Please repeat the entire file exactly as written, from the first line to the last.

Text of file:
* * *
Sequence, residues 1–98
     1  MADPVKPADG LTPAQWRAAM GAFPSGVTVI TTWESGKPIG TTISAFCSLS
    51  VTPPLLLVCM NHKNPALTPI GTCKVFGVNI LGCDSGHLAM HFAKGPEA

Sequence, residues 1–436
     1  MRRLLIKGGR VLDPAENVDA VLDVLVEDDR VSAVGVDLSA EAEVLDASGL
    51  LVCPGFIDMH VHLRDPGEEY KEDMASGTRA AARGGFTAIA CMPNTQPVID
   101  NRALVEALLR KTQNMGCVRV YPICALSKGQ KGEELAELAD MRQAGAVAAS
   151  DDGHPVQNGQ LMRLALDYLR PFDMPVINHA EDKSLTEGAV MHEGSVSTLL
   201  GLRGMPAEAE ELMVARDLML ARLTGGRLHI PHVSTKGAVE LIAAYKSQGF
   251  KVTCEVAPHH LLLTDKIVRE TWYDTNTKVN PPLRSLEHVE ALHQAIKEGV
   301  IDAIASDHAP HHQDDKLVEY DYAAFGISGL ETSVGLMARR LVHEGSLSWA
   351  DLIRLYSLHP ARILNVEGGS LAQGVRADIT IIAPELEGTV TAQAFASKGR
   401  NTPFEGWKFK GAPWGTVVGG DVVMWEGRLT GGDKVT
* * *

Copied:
Sequence, residues 1–98
     1  MADPVKPADG LTPAQWRAAM GAFPSGVTVI TTWESGKPIG TTISAFCSLS
    51  VTPPLLLVCM NHKNPALTPI GTCKVFGVNI LGCDSGHLAM HFAKGPEA

Sequence, residues 1–436
     1  MRRLLIKGGR VLDPAENVDA VLDVLVEDDR VSAVGVDLSA EAEVLDASGL
    51  LVCPGFIDMH VHLRDPGEEY KEDMASGTRA AARGGFTAIA CMPNTQPVID
   101  NRALVEALLR KTQNMGCVRV YPICALSKGQ KGEELAELAD MRQAGAVAAS
   151  DDGHPVQNGQ LMRLALDYLR PFDMPVINHA EDKSLTEGAV MHEGSVSTLL
   201  GLRGMPAEAE ELMVARDLML ARLTGGRLHI PHVSTKGAVE LIAAYKSQGF
   251  KVTCEVAPHH LLLTDKIVRE TWYDTNTKVN PPLRSLEHVE ALHQAIKEGV
   301  IDAIASDHAP HHQDDKLVEY DYAAFGISGL ETSVGLMARR LVHEGSLSWA
   351  DLIRLYSLHP ARILNVEGGS LAQGVRADIT IIAPELEGTV TAQAFASKGR
   401  NTPFEGWKFK GAPWGTVVGG DVVMWEGRLT GGDKVT